He had me get him an old-fashioned school bell that either he or I could ring in the corridor to call people back into their seats for the next session. Moreover, he allowed them only Thursday night to go out on the town. We couldn't get away with such a schedule today. But we did then. The superintendents loved it.

It was a marvelous catharsis for them. Their long-felt resentments rushed to the surface. Why had APA forsaken the hospitals? they demanded. How long, oh Lord, how long must they run their institutions on $1.50 a day per patient? Could nothing be done to halt the intolerable political interference they had to contend with day in and day out? Who wants to preside over such snakepits? Dr. T made such resounding statements as "Your hospital stinks. My hospital stinks. They all stink," and "Mental health has been a stepchild of public welfare for the past 200 years!"

The catharsis soon took its therapeutic effect. Confident now of APA's interest, they let their despair give way to resolute regrouping of ranks for an all-out fight against the plagues that beset them. At the final luncheon meeting, the late Dr. Clifton T. Perkins, who presided at the time over Massachusetts hospitals, trumpeted William Lloyd Garrison's famous exhortation to express the group's sentiment: "I am in earnest. I will not equivocate; I will not excuse; I will not retreat a single inch; and I will be heard."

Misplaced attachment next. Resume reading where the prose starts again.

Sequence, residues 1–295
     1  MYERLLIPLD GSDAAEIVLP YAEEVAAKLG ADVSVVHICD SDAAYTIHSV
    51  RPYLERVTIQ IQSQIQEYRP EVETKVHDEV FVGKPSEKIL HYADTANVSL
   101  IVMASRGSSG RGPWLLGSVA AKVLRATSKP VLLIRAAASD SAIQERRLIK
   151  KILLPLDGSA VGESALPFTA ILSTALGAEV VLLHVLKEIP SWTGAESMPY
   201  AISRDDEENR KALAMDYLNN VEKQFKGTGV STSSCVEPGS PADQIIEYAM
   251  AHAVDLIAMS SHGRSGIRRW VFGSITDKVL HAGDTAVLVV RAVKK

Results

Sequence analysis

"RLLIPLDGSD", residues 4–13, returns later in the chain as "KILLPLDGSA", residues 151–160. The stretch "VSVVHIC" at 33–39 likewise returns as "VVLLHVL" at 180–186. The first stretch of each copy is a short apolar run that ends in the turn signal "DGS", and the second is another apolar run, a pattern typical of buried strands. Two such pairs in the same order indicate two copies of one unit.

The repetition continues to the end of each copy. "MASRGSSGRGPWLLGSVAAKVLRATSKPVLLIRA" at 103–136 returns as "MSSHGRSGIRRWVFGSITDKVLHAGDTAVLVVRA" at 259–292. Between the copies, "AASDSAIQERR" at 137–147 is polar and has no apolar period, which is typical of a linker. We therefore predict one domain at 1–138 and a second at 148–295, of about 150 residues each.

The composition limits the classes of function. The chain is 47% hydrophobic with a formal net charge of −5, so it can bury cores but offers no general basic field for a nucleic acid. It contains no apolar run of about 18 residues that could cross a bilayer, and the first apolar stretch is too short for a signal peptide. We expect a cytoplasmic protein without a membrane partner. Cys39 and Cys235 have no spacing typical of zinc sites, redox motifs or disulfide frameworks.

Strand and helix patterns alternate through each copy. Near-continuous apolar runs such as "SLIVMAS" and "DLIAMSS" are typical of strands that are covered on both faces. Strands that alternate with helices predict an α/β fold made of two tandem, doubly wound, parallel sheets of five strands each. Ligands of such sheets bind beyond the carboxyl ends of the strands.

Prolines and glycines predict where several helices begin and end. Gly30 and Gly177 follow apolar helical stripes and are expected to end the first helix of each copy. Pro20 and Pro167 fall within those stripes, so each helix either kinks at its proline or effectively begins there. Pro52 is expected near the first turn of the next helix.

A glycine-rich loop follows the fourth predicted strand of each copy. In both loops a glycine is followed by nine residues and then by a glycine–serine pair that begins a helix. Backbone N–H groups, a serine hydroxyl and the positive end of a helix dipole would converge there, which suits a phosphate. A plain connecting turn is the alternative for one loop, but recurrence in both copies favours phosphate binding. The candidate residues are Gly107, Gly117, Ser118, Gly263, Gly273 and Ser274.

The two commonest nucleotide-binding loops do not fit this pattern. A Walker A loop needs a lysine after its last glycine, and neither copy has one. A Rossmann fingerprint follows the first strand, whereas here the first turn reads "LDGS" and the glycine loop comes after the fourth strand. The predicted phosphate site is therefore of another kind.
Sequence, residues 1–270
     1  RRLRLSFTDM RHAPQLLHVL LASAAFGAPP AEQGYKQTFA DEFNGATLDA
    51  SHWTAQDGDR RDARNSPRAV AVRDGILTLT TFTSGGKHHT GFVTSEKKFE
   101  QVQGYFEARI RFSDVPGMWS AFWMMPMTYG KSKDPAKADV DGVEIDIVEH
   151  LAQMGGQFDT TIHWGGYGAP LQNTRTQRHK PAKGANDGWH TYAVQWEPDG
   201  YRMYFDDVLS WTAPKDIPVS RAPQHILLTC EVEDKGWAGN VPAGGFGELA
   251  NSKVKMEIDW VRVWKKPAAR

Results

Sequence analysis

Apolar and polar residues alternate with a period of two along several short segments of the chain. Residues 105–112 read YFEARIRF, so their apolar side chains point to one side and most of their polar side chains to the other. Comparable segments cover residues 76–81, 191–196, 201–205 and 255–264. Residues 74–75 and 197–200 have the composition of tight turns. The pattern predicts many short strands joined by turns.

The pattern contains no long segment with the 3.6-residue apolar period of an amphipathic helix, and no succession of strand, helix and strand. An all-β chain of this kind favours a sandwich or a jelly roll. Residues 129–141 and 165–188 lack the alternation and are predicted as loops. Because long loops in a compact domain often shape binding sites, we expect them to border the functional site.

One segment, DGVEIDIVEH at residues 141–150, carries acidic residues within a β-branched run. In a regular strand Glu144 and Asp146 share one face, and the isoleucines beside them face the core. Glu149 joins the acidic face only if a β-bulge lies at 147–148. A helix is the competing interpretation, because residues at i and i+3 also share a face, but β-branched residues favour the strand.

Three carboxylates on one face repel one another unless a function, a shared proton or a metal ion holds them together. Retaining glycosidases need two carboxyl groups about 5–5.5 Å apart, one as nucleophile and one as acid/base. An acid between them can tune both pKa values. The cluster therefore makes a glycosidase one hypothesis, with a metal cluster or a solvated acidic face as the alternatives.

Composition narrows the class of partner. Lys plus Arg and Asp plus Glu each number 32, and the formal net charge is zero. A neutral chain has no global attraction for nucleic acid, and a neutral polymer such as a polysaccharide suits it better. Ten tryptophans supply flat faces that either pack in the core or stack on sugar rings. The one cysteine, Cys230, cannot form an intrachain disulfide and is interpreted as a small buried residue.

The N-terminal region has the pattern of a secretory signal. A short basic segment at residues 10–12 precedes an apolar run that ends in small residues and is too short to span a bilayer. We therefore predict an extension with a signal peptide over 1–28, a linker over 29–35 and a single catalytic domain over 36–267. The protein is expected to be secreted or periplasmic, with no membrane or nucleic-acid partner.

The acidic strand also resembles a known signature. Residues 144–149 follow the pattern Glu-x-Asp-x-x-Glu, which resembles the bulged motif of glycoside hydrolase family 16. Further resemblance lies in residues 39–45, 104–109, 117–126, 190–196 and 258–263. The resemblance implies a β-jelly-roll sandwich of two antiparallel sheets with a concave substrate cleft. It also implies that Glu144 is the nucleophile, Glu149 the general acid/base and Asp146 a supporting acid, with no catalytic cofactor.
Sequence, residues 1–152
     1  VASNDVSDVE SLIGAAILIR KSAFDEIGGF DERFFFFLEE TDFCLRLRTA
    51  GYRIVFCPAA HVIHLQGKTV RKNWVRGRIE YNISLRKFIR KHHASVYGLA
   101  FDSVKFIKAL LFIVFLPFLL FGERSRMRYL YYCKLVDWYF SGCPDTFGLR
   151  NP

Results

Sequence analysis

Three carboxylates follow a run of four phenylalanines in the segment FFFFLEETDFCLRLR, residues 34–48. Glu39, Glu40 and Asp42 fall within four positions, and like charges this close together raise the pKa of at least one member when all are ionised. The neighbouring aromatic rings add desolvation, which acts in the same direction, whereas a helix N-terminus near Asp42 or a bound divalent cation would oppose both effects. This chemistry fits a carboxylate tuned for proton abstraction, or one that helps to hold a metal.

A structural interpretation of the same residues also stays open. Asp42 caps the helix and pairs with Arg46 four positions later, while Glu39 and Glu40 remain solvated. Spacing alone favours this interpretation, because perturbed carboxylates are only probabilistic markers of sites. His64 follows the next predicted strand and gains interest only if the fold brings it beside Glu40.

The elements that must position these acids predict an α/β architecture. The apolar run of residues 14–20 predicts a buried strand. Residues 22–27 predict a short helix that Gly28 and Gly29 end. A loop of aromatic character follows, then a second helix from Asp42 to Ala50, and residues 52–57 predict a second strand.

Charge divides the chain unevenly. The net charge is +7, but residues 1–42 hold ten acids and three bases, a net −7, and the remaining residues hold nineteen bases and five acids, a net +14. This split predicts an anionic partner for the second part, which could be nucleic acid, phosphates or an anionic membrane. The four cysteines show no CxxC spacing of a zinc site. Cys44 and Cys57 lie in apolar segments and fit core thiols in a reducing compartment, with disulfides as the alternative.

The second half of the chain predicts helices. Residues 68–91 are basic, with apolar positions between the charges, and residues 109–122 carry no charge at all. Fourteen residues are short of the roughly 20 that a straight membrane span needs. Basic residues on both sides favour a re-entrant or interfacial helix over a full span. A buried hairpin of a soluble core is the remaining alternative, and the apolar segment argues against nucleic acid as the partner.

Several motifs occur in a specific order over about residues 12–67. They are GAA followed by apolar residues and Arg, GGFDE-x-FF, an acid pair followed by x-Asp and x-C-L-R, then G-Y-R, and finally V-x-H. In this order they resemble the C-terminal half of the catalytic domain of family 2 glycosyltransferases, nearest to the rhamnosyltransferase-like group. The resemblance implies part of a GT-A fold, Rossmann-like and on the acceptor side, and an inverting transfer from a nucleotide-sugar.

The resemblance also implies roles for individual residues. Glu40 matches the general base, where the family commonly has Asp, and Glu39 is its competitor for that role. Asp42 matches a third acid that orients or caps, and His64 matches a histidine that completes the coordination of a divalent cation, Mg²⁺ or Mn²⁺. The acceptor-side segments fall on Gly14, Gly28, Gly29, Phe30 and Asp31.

Shortly after the Institute, Dr. Winfred Overholser said that it had taken "mental hospital doctors out of the category of forgotten men and placed them back where they belong as the first priority of the APA." The New York Times editorialized that "A new approach to the problems facing mental hospitals of the nation marked the Mental Hospital Institute held in Philadelphia… the mental hospital superintendents are not waiting for the public to accept its responsibility but are going ahead on their own… We hope that their discussions will carry through to real achievement."

The positive note that Dan Blain wanted had been sounded. Of course, the Institute was only the beginning move in his favorite game, called "Lifting Oneself by One's Own Bootstraps." Right after the Institute, he helped me develop a formal proposal for the Mental Hospital Service and we sent it to the Commonwealth Fund, where we had a friend of long-standing, Mildred Scoville. The fund sent us a check for $44,500 to get the service under way, which we did the following January with the publication of a four-page mental hospital bulletin. Under the leadership of Pat Vosburgh, who joined the staff in 1951, it later became Hospital & Community Psychiatry [now Psychiatric Services]. Late in 1950 we did publish the earliest applications for the Achievement Awards in an attractive pamphlet called On The Positive Side. This was perhaps the only encomium that mental hospitals had received since the middle of the 19th century. That same year the Central Inspection Board, under the leadership of Dr. T and the chief inspector, Dr. Ralph M. Chambers, swung into full gear, giving citizens for the first time a professional measuring stick to gauge the poverty of their mental institutions.